Using iPhoto on iPad to edit Photos taken with my digital SLR

Discussion in 'iPad' started by macbook123, Mar 16, 2012.

  1. macbook123, Mar 16, 2012
    Last edited: Mar 16, 2012

    macbook123 macrumors 68000

    Feb 11, 2006
    I must be looking in the wrong places but I haven't been able to find answers to a bunch of obvious questions:

    Will I be able to edit photos taken with my digital SLR (or any non-iSight camera for that matter) in iPhoto for iOS on the iPad?

    Will I have to buy the SD adapter or can I import images loaded into iPhoto/Aperture on my Mac?

    How will I be able to synch iPhoto libraries between my new iPad and Mac?
  2. DS3 macrumors 6502a

    Mar 7, 2011
    DSLR photos - Yes.

    SD Adapter - thats the obvious way, but if you want a more convenient (and expensive) method you could use an eye-fi SD card, they are SD cards that can transmit the photos wirelessly without being removed from the camera. Or so I've heard, I don't have one yet.

    others - I think so but Im not sure so Ill let someone else say so.
  3. sal macrumors 6502

    Oct 13, 2007
    you probably can but you'll be editing jpegs and then the resolution you spit out will be probably be a lower resolution than what you started with. at least this has been my experience with my iphone iOS app I've used has been able to keep my 18megapixel images that my 60D takes or even import it for that matter.

    My question is WHY would you ever do that?

    Shoot raw with your DSLR and use aperture or lightroom to edit your images. don't down size your images and limit yourself to iOS apps. It's silly.
  4. RelentlessFruit macrumors newbie

    Mar 9, 2012
    With regards to DSLR - I've imported RAW images using the camera connector kit (SD card reader) no problems on my iPad 2 so no worries there.

    The new iPhoto app is able to handle upto 19 Megapixel images so no need to worry about compression / loss of quality.

    Not sure I'd class iPhoto as being a pro-standard piece of software but for out and about edits / quick & dirty work it's pretty good.
  5. sal macrumors 6502

    Oct 13, 2007
    wow, amazing. very thankful I bought an ipad then.

    now if we could only convince the friendly people at adobe to give us a lightroom ios app :D
  6. habubauza macrumors regular


    Aug 1, 2008

    I've read that the images you edit on the iPad are actually the jpeg previews and not the actual raw files.
  7. arbitrage macrumors 6502a

    Mar 19, 2009
    Obviously shooting raw and using a proper program is best. However, I think the iPad with iPhoto can be very usefull. If you import the raw file you will only be editing the jpeg preview embedded in the file. Shoot raw and jpeg to get a better quality jpeg onto the iPad. I'm not sure if it will import both to the iPad or just the jpeg when shooting in raw and jpeg.

    My planned use once my Canon 5D mark III arrives with dual slots I'm going to shoot raw to the CF card and full size jpeg to the Eye-fi SD card and when travelling and not wanting to edit on the move I will use the jpeg on the iPad and iPhoto to send out photos back to friends/family at home.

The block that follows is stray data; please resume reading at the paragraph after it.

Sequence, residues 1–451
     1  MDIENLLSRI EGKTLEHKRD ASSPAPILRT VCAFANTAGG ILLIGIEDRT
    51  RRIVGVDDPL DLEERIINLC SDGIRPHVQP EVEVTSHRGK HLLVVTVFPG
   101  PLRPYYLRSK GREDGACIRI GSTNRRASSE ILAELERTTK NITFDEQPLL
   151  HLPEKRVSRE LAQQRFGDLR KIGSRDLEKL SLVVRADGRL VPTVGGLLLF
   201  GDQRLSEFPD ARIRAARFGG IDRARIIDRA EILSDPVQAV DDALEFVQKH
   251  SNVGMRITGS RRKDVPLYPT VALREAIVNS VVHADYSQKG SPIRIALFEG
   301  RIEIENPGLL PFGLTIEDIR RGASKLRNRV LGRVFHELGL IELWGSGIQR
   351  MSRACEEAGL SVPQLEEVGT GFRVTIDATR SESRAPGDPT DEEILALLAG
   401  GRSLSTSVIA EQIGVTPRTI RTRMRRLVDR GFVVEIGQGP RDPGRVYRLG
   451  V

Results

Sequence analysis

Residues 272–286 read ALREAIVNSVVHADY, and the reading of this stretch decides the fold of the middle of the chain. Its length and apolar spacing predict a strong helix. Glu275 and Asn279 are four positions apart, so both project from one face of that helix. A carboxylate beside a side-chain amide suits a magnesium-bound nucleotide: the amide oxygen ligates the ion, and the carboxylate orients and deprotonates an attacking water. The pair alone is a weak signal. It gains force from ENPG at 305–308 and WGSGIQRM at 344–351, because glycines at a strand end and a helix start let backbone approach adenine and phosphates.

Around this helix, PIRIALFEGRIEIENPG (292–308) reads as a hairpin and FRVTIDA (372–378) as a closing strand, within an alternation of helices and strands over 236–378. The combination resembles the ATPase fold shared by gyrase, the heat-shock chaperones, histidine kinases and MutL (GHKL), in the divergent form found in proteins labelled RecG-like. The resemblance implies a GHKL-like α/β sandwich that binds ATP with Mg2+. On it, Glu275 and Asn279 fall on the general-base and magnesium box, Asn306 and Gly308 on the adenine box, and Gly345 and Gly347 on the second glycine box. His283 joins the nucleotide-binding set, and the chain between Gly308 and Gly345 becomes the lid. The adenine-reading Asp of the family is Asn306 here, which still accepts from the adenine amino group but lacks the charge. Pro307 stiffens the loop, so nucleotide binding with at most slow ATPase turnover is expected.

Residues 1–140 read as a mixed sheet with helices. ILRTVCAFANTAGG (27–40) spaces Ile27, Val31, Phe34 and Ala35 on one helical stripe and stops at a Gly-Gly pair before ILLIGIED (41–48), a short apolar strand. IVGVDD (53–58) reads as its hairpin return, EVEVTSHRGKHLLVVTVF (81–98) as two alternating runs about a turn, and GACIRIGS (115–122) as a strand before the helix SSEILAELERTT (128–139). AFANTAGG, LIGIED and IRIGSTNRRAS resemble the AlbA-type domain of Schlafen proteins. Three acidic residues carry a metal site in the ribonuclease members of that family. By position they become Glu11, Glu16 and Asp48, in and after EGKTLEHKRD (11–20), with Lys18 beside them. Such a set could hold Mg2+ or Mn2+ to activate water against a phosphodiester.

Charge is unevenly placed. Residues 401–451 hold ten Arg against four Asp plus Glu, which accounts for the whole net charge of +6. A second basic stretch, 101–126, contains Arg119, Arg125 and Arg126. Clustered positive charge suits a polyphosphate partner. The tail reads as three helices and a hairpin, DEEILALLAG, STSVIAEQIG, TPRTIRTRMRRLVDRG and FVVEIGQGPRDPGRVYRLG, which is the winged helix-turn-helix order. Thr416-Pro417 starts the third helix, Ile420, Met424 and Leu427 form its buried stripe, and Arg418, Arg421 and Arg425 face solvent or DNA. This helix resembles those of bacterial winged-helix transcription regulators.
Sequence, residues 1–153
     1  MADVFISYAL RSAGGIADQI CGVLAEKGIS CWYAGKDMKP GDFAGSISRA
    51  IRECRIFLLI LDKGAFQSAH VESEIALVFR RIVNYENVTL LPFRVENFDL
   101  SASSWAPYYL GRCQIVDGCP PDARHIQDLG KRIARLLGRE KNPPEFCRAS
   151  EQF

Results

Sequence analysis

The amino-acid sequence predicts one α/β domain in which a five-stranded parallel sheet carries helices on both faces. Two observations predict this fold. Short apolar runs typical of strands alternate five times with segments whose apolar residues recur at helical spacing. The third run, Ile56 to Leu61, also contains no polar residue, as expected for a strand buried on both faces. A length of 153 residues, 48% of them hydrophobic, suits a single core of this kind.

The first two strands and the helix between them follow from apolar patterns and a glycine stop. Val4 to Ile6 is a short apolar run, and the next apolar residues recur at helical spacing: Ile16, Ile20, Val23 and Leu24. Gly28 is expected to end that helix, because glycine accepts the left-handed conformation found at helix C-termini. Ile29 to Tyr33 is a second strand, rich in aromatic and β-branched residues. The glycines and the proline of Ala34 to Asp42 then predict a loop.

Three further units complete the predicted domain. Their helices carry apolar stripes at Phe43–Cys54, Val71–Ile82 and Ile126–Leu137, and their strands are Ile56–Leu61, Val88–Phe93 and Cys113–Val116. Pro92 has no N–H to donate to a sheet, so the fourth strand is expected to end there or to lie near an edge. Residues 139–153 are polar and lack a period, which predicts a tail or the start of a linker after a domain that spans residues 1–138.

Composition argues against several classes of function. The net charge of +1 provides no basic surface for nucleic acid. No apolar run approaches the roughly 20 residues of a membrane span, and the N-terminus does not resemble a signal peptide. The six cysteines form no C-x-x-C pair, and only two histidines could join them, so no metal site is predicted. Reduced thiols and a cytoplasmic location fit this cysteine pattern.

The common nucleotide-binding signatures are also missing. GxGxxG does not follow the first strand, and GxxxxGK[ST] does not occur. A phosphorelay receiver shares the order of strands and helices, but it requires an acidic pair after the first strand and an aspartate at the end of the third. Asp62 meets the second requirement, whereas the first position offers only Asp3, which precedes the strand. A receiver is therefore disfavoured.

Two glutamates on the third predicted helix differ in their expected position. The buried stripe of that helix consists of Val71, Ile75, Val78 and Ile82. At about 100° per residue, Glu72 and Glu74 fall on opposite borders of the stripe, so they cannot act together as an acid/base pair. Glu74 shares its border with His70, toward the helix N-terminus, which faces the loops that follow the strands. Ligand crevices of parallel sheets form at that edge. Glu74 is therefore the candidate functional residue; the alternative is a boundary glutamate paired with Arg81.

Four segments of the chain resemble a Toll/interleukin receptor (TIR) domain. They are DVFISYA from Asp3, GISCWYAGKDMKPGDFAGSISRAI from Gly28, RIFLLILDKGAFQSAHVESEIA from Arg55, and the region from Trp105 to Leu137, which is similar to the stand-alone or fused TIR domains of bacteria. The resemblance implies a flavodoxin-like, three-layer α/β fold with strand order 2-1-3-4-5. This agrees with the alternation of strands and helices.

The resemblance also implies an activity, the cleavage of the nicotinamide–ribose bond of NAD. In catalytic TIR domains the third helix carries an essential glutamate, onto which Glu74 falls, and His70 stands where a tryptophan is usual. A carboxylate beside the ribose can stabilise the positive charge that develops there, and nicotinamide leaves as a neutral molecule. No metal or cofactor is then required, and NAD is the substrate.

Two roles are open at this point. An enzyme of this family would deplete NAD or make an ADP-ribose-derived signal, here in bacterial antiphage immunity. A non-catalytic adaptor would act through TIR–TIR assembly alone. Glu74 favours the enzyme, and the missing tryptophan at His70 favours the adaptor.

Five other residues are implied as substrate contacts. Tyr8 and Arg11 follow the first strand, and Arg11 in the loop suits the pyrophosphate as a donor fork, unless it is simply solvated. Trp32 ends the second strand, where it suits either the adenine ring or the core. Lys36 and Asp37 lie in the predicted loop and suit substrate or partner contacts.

8. macbook123 thread starter macrumors 68000

    Feb 11, 2006
    What about syncing the iOS iPhoto library with the one on the Mac?

    I can imagine a common workflow to be to import photos on the Mac, but want to view and edit them on the (better display of the) iPad. Will this be impossible? Will the two libraries be unsynced? That would suck big time.
  9. whtrbt7 macrumors 65816

    Jun 8, 2011
    Hey there, I've been using a Canon DSLR with iPhoto for iPad since it was released. iPhoto for the iPad was designed as a standalone app on the iPad with connectivity. What does that mean?

    1. You'll be able to import 19MP and smaller RAW images from a DSLR directly into the iPad for editing and storage.

    2. RAWs are converted to JPG for preview and editing purposes. This allows you to make non-destructive edits to your photos quickly and efficiently. It also allows you to quickly shared edited content quickly via the connections.

    3. You can sync albums and events between iPhoto Mac and iPhoto iOS.

    4. If you're going to be mobile and not bringing your Mac, the Camera connection kit is invaluable to dump your photos.

    5. Sync via iTunes is the best way to sync photos between iPhoto Mac and iPhoto iOS.

    6. If you need more versatile touchups like Photoshop, iPhoto iOS won't be able to do those. You can however make non-destructive edits on the iPad then transfer to iPhoto Mac and then export to Photoshop.
  10. macbook123 thread starter macrumors 68000

    Feb 11, 2006
    Thank you! Incredibly useful answer!

  11. macbook123 thread starter macrumors 68000

    Feb 11, 2006
    I'm happy to hear that syncing with iPhoto is possible, but am realizing that the inability to sync with Aperture will likely entail that I'll have to regularly sync all my libraries between Aperture and iPhoto, so I can then sync them with the iOS iPhoto on the iPad. What a pain. I don't even know how to do that.
  12. dennya macrumors regular


    Jun 15, 2009

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